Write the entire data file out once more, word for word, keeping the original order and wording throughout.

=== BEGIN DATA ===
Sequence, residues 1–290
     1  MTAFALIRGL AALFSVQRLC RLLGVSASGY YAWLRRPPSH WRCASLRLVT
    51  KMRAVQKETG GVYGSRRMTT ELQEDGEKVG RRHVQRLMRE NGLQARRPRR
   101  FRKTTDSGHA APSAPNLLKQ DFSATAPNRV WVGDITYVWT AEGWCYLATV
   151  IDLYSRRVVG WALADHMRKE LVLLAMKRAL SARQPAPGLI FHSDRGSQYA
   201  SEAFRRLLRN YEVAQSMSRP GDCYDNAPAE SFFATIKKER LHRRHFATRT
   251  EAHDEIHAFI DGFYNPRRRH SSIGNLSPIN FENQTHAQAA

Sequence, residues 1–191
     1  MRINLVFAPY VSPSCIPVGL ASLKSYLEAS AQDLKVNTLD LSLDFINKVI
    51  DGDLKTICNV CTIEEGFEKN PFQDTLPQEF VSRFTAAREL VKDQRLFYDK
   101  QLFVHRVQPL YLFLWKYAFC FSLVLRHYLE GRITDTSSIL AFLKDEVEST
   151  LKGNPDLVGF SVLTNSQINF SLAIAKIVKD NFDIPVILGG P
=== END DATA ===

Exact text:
Sequence, residues 1–290
     1  MTAFALIRGL AALFSVQRLC RLLGVSASGY YAWLRRPPSH WRCASLRLVT
    51  KMRAVQKETG GVYGSRRMTT ELQEDGEKVG RRHVQRLMRE NGLQARRPRR
   101  FRKTTDSGHA APSAPNLLKQ DFSATAPNRV WVGDITYVWT AEGWCYLATV
   151  IDLYSRRVVG WALADHMRKE LVLLAMKRAL SARQPAPGLI FHSDRGSQYA
   201  SEAFRRLLRN YEVAQSMSRP GDCYDNAPAE SFFATIKKER LHRRHFATRT
   251  EAHDEIHAFI DGFYNPRRRH SSIGNLSPIN FENQTHAQAA

Sequence, residues 1–191
     1  MRINLVFAPY VSPSCIPVGL ASLKSYLEAS AQDLKVNTLD LSLDFINKVI
    51  DGDLKTICNV CTIEEGFEKN PFQDTLPQEF VSRFTAAREL VKDQRLFYDK
   101  QLFVHRVQPL YLFLWKYAFC FSLVLRHYLE GRITDTSSIL AFLKDEVEST
   151  LKGNPDLVGF SVLTNSQINF SLAIAKIVKD NFDIPVILGG P